Ottway has nothing in common with the rowdy wildcatters that populate this outpost at the end of the world, and he seems as glad as he’s capable of feeling when it’s time to return to civilization. Boarding a flight out of the snowy wastes, he anticipates… something, but his plans are interrupted by the sudden and catastrophic malfunction of the plane, which goes down in a harrowing sequence that leaves all but a handful of the other passengers dead. It’s ten below zero on the open ice and snow and supplies are minimal. Moreover, the landscape is infested by aggressive wolves attracted by the smell of available flesh.
In 1997, pseudonymous British author Lee Child published the first of what would become seventeen (and eighteen as of this year) novels about a strange, Shane-like protagonist named Jack Reacher. Reacher, as described in the book, is a 6’5″ hulk of a man with muscles so tough they can literally deflect bullets, utterly without mercy when evil is afoot, but otherwise a general misanthrope. He has no job, no family, no ambitions, and simply wanders the country living off his military pension with only the clothes on his back and a travel-sized toothbrush as his possessions.
So based on that description, the very best person to play him would be Tom Cruise. I mean, it just makes sense.
Originally called One Shot, the name of the ninth Reacher novel, this film was renamed Jack Reacher to capitalize on the character’s success. Child has sold over 50 million books to date, so there are a lot of people out there who like these things. Judging from Jack Reacher‘s box office numbers, however, the casting of Cruise in the title role put many of them off and there will likely not be another in the series. But don’t feel bad for Cruise, because he recently announced that he’s doing another Mission: Impossible movie. So there.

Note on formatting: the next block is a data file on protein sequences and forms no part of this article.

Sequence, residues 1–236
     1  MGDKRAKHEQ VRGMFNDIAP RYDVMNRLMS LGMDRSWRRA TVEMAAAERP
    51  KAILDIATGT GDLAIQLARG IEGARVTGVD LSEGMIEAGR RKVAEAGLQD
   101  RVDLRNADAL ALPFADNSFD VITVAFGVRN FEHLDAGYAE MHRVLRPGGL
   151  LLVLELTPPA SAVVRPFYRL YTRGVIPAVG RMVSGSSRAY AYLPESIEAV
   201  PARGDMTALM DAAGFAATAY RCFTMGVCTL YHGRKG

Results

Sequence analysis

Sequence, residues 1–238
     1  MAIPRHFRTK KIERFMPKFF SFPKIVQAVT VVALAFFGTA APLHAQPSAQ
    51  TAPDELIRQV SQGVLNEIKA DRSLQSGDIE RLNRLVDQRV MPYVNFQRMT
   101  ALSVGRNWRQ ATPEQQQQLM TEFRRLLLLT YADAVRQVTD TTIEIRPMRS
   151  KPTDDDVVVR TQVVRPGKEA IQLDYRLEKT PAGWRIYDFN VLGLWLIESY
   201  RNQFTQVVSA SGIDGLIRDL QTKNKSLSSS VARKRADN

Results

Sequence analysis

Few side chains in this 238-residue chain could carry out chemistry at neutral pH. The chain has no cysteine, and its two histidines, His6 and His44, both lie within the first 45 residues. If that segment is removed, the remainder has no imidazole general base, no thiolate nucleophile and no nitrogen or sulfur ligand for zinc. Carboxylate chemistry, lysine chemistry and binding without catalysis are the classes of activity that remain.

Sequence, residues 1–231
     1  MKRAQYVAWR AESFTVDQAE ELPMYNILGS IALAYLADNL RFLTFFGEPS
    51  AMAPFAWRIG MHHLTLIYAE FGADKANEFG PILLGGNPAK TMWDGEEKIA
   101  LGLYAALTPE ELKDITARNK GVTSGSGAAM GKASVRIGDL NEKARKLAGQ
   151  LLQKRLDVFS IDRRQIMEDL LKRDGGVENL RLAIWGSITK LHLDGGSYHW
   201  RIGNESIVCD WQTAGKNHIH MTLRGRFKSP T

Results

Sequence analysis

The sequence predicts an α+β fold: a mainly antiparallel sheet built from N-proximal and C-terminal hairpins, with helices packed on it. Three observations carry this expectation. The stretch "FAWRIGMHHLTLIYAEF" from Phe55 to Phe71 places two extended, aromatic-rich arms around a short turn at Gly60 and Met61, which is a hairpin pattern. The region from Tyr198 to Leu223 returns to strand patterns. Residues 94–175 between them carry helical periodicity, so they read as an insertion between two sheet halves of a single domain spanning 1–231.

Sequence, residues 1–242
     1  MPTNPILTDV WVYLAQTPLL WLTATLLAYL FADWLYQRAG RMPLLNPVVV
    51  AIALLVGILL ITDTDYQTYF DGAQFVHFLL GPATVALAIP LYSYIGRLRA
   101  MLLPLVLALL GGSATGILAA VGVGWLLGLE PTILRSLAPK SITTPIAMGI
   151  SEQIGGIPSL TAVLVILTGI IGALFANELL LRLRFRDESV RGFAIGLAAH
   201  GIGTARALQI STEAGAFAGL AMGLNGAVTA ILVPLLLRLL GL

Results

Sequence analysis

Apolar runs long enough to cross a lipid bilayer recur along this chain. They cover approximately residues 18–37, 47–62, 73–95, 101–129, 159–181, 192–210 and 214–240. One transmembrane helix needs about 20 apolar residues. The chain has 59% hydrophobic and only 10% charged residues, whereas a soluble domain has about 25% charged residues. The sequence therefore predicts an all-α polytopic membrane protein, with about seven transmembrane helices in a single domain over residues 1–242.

The pattern of these Jack Reacher books are almost exactly the same: something bad has happened or is happening and Reacher wanders in to become essential to the resolution of the problem. At the end he meanders off again. That pattern is precisely replicated in Jack Reacher. As the film opens, a sniper very carefully takes up position in a parking garage, not seeming to care at all that his vehicle is being caught on security cameras going to the sniper’s nest, and then sets about cold-bloodedly murdering five random people on a bright, sunny afternoon. But it turns out that it’s all a setup, and the man arrested for the crime is not the one who did the shooting. The captured suspect has only one request: find Jack Reacher.